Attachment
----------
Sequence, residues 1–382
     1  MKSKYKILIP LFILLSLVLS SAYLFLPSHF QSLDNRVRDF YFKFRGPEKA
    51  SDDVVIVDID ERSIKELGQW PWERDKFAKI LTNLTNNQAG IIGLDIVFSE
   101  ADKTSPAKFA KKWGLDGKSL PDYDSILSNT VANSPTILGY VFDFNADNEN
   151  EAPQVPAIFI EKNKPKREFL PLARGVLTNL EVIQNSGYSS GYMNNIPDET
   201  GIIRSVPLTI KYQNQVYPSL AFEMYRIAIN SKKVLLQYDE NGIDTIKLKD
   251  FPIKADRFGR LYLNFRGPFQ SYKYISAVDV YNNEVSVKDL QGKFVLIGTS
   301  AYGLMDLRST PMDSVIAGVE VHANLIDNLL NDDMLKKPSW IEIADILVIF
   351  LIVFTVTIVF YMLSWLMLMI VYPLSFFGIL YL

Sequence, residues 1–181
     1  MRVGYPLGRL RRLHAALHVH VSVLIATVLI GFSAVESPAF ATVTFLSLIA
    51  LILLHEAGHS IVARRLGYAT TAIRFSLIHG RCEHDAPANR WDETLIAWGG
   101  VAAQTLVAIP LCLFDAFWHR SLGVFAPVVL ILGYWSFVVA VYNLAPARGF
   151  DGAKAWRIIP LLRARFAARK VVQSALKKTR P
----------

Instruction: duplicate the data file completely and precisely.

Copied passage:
Sequence, residues 1–382
     1  MKSKYKILIP LFILLSLVLS SAYLFLPSHF QSLDNRVRDF YFKFRGPEKA
    51  SDDVVIVDID ERSIKELGQW PWERDKFAKI LTNLTNNQAG IIGLDIVFSE
   101  ADKTSPAKFA KKWGLDGKSL PDYDSILSNT VANSPTILGY VFDFNADNEN
   151  EAPQVPAIFI EKNKPKREFL PLARGVLTNL EVIQNSGYSS GYMNNIPDET
   201  GIIRSVPLTI KYQNQVYPSL AFEMYRIAIN SKKVLLQYDE NGIDTIKLKD
   251  FPIKADRFGR LYLNFRGPFQ SYKYISAVDV YNNEVSVKDL QGKFVLIGTS
   301  AYGLMDLRST PMDSVIAGVE VHANLIDNLL NDDMLKKPSW IEIADILVIF
   351  LIVFTVTIVF YMLSWLMLMI VYPLSFFGIL YL

Sequence, residues 1–181
     1  MRVGYPLGRL RRLHAALHVH VSVLIATVLI GFSAVESPAF ATVTFLSLIA
    51  LILLHEAGHS IVARRLGYAT TAIRFSLIHG RCEHDAPANR WDETLIAWGG
   101  VAAQTLVAIP LCLFDAFWHR SLGVFAPVVL ILGYWSFVVA VYNLAPARGF
   151  DGAKAWRIIP LLRARFAARK VVQSALKKTR P